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Wednesday, September 15, 2010

Delays hurt children

In recent posts, we have been looking at issues related to workloads. A report published in the UK a few days ago reaffirms that children remain at risk whne caseloads are too high or staffing inadequate to handle the cases.

It also raises an important area of debate - when high profile child abuse cases occur, referrals of new cases will soar. This adds to the workload and delays appropriate assessment. High profile cases will bring many marginal referrals for sure - but who can tell without an assessment.

Staffing is expesnive and the more limits put on staffing, the longer it will take cases to be seen and the more cursory will be some of those reviews. In the current economic crisis around the globe, the more we will see budget limitations. In turn this will lead to children being left in unsafe conditions. In turn there will be another high profile death. It is an ever repeating spiral.

What we are not doing is coming to grips with the real issues of the degree to which society wants and is willing to pay for child protection.

The UK Story:

Vulnerable children put at risk due to social worker shortage

by political editor Paul Francis

Vulnerable children in Kent are being put at risk of harm because it is taking too long to assess them and there are not enough social workers, inspectors have warned.

The county council has been ordered by Ofsted to take urgent steps to address the issue following an unannounced visit by inspectors.

Following the visit, Ofsted has told KCC it must sort out staffing and management issues.

In a letter setting out the findings, Ofsted inspector Brendan Parkinson states: "Some children in need do not recieve an adequate and timely assessment of risks and needs, leaving them at risk of harm. A significant shortfall in the capacity of qualified, experienced social workers and weaknesses in the quality of team manager oversight on child protection cases in some duty and assessment teams contribute to these serious concerns."

The watchdog carried out an unannounced inspection last month.

The report will make worrying reading for the authority, which has struggled to attract social workers and has increasingly looked abroad to recruit staff. Ofsted has told the council it will probably rate children's social services as performing poorly when the next performance ratings are made. KCC has previously been a top rated authority.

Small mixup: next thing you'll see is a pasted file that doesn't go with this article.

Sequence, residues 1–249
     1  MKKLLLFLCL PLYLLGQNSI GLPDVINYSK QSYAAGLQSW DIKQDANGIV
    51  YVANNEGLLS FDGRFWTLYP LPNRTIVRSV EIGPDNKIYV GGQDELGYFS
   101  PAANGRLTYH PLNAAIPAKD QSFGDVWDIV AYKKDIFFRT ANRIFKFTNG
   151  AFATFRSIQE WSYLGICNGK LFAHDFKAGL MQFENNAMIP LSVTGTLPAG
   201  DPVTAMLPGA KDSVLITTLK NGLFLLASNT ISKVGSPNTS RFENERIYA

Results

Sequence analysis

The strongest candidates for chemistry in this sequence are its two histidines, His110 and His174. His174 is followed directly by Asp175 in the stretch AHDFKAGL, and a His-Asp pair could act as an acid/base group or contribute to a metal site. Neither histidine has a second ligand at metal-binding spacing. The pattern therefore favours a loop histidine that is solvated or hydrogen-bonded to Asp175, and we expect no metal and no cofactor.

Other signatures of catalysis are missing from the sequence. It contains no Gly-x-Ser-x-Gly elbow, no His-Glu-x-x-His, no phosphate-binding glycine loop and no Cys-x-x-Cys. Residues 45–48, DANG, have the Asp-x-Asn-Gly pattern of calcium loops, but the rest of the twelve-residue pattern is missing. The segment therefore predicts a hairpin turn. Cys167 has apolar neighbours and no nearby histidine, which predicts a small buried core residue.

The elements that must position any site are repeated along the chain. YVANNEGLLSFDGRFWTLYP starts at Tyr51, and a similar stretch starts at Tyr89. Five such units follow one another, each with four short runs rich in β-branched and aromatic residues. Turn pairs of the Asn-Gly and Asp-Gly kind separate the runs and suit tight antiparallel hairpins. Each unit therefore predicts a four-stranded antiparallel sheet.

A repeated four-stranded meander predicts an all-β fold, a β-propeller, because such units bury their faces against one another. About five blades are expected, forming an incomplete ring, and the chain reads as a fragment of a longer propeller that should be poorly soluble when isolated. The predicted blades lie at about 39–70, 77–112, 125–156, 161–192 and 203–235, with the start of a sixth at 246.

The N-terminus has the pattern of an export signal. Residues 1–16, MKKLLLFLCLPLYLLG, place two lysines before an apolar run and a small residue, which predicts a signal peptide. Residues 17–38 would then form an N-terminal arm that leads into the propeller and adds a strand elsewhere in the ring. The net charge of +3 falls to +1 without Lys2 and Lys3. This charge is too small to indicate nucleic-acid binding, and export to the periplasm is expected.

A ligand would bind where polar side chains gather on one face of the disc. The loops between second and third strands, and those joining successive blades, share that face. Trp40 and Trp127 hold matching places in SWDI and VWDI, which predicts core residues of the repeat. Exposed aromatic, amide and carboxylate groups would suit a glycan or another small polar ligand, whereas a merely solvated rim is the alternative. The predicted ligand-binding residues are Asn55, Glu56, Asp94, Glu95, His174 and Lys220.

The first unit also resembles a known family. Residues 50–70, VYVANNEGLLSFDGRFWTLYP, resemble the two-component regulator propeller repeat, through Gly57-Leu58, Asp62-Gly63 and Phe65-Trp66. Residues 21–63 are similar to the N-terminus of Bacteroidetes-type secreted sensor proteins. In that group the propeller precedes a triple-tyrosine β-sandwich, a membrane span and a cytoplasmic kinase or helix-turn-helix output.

In addition to the "priority action" area, Ofsted also called for improvements in arrangements for prevention and early intervention, more in-depth risk assessments and better integration in the way children's records were kept.

In a statement, KCC managing director for children's services Rosalind Turner said: "The priority action refers to making sure there are timely assessments in all cases, but acknowledges the pressure our social care teams are under.

"This is due to the significantly increasing number of referrals while we are also carrying vacancies in social workers.

"KCC continues to run successful recruitment campaigns to increase the strength of our teams, but there is still a shortfall in the overall establishment. This is a national issue and we recognise its seriousness. We are absolutely committed to ensuring safeguarding and good outcomes for all our children and young people."

The shortage of social workers is not a problem just for Kent which, in common with other authorities, has recorded a dramatic rise in child protection referrals since the publicity surrounding a series of high-profile child abuse cases.

Referrals rose by 22 per cent in Kent last year to 17,360 - an increase of more than 5,000.

Vacancy rates at the start of the year in some child protection teams were as high as 40 per cent.

Cllr Trudy Dean, opposition Liberal Democrat leader at KCC, said: "Clearly, it is a very serious issue because if you are a child in danger, that danger increases if there are delays in assessing your needs."

Friday, September 10 2010 Kent Online - Retrieved Sept 15/10 at

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